The Unusual Way to Finally Score a Corner Office

Posted by Glassdoor Team

Career Advice Experts

April 28, 2017

Once relegated to the basement or the attic, workers are finally finding their own downtown office amid growing coworking spaces. These a la carte office setups are giving digital nomads and the self-employed workforce the roots they need - and introducing an entirely new way of working to the corporate world.

Coworking spaces address the needs of the rising number of flexible workers. You can rent these shared workspaces as and when you need to. Whether you need to fire up your laptop for a couple of hours between meetings or want to use one on a more permanent basis, they offer a more professional environment than a coffee shop and an escape from your home office, without the need to pay for an expensive and restrictive office rental agreement.

You’ll also work with a community of like-minded individuals. Coworking spaces are a networking dream and those managing these spaces are careful to cultivate an inclusive environment where you can learn, network - or keep your head down if you need to concentrate.

Flexibility is ingrained at every point with coworking - from how often you need to use such spaces to how involved you want to be with the community or the services you need to use. It’s very much a work environment that’s tailored to you and your work.


Simply put, coworking has become a working phenomenon for freelancers, small businesses, job seekers, employees and careerists alike.

What does a coworking space look like?

Each one is different, but they usually contain a hub of desks where you can work with others, as well as dedicated meeting rooms and offices if you need a little more privacy. There are also communal eating and breakout areas where you can network and connect with your fellow coworkers.

Such spaces also offer style and substance. They are usually visually stunning and kitted out with a wealth of facilities to help you work more effectively and efficiently. For example, The Farm SoHo Coworking is based in New York’s vibrant Manhattan district, where space is a rare commodity. Yet, it offers 6,000 sq. ft of space to its community in its airy loft decked out with a rustic Americana vibe and some killer tech to ensure you have all the tools you need to get the job done.

Because coworking also provides you with all the facilities you’ll need. From superfast internet speeds to all the regular office amenities and free tea or coffee, it’s a far cry from your local coffee shop.


The Coworking Boom

Coworking is also going from strength to strength. The first results from the 2017 Global Coworking Survey show the coworking market is growing at a high rate with 13,800 spaces now open to 1,180,000 members around the world. Other research suggests coworking will grow globally to nearly 4,000,000 members by 2020.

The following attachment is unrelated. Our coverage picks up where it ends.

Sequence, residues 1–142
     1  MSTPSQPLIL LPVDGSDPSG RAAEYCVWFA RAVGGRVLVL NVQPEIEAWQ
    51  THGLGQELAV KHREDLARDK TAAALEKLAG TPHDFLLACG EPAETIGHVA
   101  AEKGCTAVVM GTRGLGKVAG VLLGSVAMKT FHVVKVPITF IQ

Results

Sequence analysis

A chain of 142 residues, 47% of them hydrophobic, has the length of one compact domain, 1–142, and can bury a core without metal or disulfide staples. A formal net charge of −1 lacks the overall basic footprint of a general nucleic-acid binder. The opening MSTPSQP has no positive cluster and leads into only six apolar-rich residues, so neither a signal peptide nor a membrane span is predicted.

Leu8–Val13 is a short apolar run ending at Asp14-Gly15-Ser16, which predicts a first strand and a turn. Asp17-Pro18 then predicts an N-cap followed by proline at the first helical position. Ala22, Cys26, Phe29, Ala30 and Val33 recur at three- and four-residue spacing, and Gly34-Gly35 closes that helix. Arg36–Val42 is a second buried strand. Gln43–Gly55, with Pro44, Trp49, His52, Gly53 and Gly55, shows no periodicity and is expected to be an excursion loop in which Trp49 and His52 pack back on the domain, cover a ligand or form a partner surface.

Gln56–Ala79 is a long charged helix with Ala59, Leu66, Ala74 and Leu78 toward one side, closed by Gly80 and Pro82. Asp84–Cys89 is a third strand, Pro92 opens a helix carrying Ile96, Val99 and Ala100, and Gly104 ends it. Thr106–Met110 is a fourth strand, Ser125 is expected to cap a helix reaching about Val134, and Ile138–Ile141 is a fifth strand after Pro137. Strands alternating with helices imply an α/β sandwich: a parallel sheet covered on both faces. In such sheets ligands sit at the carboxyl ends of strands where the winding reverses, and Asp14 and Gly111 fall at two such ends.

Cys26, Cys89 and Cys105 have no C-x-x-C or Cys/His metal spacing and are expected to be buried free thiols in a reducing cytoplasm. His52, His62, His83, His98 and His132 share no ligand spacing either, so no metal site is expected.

Big businesses are also eager to embrace the coworking lifestyle. For example, employees from professional services company KPMG regularly cowork in London and New York to keep the company close to the startups that could one day scale up and become clients.

The further benefits to corporations are clear to see - employees spend less time commuting, which boosts productivity and spares the environment, and it reduces the bottom line through reduced real estate and associated costs.

It’s not the cost effective nature or cutting-edge tech that so many of these spaces offer that attract its members, it’s the communities they build. Lucas Seyhun, co-founder at The Farm SoHo Coworking, said: “All our members come to The Farm for different reasons, but almost everyone gets something out of the community we have cultivated. That could be a collaboration with another member or attending an event that introduces them to a new business concept or innovation - there’s always an opportunity to make a new connection and improve your work at a coworking space.”

Co working space NYC The Farm SoHo

Enabling The Digital Economy

Many criticize coworking for converting full-time work into part-time gigs - but there is a big upside. Coworking gives flexible workers “relief from the emotional demands of the corporate office”, according to research from user experience experts Melissa Gregg and Thomas Lodato.

It’s an important point. Coworking is addressing the needs of our increasingly digital workforce. It is predicted that by 2030, 10% of the largest US companies will be virtual businesses with less than one-in-ten of their staff will work in an office at any given time. Coworking is also a concept that all big businesses must consider as technology, innovation, and globalization redefine the very nature of employment.

Finally, the corner office is up for grabs at any one of the 13,800 coworking spaces around the world. What’s stopping you?

Gemma Church is “the freelance writer who gets tech”. A specialist journalist, blogger and copywriter for the science and technology sectors. Her USP is that she’s worked in the industries she writes about as a software developer and research scientist with two degrees in physics.